Can we chase away the sleep monsters?

PUBLISHED: 16:16 26 February 2018 | UPDATED: 16:30 26 February 2018

I'm hoping Thalia can turn her nightmare cloaked man into a superhero. Picture Getty Images

I'm hoping Thalia can turn her nightmare cloaked man into a superhero. Picture Getty Images


Where have the days gone when she dreamt about eating candyfloss and building sandcastles? asks Jo Malone

‘There’s a man, wearing a dark cloak with a hood, and every time I kill him, another man the same jumps out of his pocket.’

It’s the latest recurring dream for Thalia, and nothing we do seems to help.

She used to have very sweet, if complicated, dreams and she does have a phenomenal imagination; her ‘what if’ questions go a lot further than any seven year old I’ve known. She can take us from ‘what if a rabbit ran in front of the car right now and…’ to ‘unicorns floating on lily pads on floods so huge that they wash the car away so we have to stand on the roof and steer through the window’ type scenarios in a four minute car journey.

Every evening as I tuck her in she’ll have a ‘can I tell you something’ moment such as what would happen if her bed flew out of the window or that she needs me to move her pictures around that instant because they’re arguing.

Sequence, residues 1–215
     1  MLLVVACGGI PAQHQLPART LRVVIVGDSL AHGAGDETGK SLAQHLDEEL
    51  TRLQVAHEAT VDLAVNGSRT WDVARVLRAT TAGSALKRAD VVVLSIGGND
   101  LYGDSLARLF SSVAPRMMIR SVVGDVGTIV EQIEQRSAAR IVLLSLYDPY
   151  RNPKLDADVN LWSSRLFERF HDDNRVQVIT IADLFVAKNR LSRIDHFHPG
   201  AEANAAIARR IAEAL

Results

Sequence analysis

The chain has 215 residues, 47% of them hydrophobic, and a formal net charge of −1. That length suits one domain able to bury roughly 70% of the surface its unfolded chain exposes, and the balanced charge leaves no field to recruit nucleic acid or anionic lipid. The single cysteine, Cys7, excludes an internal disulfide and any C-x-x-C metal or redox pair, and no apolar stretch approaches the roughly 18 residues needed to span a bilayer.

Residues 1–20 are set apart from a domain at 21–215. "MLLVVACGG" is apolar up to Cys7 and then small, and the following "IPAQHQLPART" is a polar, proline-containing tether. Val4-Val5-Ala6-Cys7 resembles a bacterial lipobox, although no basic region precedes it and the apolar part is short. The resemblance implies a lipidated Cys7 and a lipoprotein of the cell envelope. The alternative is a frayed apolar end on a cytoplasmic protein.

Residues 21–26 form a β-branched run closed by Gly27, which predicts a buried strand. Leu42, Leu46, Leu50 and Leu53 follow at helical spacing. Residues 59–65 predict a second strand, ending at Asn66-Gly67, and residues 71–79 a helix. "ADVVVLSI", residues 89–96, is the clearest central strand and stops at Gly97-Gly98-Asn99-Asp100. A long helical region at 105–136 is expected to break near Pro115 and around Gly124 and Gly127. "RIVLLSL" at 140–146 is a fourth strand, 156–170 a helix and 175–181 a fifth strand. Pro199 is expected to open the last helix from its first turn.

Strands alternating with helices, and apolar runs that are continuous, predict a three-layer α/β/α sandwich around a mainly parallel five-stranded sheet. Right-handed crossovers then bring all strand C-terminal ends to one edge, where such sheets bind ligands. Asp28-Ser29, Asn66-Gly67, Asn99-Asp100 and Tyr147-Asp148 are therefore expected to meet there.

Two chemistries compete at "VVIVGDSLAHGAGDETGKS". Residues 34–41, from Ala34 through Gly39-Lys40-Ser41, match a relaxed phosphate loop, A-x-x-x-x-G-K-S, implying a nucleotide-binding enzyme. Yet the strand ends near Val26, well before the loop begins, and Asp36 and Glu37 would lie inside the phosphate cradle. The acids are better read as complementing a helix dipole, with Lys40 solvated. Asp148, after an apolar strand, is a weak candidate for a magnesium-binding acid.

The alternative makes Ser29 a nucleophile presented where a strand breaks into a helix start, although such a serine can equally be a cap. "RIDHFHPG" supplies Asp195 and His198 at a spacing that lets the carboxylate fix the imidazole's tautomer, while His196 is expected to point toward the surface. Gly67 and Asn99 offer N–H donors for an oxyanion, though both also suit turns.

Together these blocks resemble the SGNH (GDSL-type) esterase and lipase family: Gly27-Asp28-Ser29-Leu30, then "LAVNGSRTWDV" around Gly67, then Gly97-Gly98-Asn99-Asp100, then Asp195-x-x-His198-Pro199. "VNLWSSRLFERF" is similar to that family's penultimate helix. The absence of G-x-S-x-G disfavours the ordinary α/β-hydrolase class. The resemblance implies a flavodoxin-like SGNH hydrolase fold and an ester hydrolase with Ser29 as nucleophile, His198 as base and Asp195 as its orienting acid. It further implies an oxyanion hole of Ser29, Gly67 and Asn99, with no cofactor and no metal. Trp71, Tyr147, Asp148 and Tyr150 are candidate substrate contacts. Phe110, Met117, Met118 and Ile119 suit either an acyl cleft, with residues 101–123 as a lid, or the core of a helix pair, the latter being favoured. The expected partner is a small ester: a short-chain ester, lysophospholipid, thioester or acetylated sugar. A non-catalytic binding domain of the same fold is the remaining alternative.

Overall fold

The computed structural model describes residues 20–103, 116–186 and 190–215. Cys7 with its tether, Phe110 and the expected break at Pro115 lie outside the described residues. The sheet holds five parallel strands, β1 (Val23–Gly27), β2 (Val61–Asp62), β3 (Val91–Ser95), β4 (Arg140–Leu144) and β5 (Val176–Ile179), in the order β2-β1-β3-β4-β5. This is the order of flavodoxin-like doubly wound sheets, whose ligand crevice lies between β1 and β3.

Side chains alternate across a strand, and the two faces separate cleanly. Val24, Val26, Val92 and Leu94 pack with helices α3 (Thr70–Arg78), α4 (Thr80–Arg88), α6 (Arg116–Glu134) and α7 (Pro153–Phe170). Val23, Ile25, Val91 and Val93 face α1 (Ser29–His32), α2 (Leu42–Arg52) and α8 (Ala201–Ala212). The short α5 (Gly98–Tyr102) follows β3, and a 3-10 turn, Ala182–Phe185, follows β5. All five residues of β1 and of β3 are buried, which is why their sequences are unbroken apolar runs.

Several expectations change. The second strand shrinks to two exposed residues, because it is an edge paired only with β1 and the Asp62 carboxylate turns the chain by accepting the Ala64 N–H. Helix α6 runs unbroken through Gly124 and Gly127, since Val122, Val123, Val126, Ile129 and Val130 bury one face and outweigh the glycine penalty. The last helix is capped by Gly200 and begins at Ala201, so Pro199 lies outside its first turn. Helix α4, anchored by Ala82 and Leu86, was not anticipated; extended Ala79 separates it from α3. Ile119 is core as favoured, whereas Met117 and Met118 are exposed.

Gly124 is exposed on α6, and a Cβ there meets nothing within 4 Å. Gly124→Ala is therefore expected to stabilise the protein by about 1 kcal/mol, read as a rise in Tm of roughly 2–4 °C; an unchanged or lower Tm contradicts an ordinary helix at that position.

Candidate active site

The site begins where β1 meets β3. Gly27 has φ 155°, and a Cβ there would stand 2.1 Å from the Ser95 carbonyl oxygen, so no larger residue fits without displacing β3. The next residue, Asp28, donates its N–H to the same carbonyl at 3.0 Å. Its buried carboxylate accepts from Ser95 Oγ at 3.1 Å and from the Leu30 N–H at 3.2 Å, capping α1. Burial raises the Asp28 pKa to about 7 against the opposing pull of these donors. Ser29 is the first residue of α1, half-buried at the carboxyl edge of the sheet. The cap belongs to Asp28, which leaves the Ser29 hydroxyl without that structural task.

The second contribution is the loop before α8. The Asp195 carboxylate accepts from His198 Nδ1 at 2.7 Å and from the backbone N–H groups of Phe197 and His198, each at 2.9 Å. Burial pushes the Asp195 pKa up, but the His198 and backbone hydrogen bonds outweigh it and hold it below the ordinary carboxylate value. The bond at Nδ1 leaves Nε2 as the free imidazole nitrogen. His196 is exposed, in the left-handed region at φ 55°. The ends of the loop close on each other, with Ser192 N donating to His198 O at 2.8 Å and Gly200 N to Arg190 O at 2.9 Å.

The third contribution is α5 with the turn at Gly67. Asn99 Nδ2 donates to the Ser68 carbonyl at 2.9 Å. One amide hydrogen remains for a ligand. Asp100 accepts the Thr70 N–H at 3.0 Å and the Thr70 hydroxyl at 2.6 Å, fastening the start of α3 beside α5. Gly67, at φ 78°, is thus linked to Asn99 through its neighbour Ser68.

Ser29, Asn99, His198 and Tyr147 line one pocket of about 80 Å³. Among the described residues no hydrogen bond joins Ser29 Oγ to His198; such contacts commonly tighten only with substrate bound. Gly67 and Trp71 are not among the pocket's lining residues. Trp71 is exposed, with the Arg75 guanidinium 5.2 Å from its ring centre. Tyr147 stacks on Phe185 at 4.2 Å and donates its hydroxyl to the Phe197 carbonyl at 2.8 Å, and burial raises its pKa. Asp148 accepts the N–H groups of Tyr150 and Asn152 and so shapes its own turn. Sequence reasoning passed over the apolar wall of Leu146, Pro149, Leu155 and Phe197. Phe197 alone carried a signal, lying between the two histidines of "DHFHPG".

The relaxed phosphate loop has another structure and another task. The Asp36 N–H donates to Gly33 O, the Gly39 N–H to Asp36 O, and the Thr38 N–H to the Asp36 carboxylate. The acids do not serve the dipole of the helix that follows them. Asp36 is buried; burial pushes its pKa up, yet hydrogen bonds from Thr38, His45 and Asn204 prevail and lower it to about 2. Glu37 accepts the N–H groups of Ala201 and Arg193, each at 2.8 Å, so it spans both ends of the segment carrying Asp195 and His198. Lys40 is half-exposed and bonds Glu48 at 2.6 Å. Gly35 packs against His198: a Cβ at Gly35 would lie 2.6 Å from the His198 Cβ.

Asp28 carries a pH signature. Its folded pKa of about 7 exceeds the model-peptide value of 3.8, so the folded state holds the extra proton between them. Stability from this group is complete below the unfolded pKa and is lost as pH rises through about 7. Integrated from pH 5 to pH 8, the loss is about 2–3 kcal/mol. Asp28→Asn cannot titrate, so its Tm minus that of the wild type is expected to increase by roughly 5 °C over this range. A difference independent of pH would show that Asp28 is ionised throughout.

It usually finishes with her asking for something to dream about and turning down all my ideas. Admittedly they are usually a bit rubbish such as her getting an ‘understanding’ value sticker at school, fairies painting the flowers different colours or knowing what the birds are singing about.

But I’m usually aware that Keola needs tucking in, that I have yet to finish the conversation with darling husband Rob that we started three hours before, that I haven’t had dinner and that I have still to research raising money for my London marathon charity. So I’m trying to exit swiftly while leaving her with happy thoughts.

Recently I’ve been failing and she’s been arriving in our room later, upset by her dreams. Mostly they involve menacing characters who clone themselves, or crocodiles and sharks circling her bed.

I’ve tried suggesting she changes the dream endings so everything works out okay, such as her waving a wand so the crocodiles turn into tadpoles or the cloak-wearing man becomes a super hero or Father Christmas, but she’s not convinced.

Talking about this at breakfast I ask Keola what she dreamt about, thinking something happy would reassure Thalia there are good dreams. “I dreamt Daddy got run over by a big car in the library car park,” says Keola, eyes watering.

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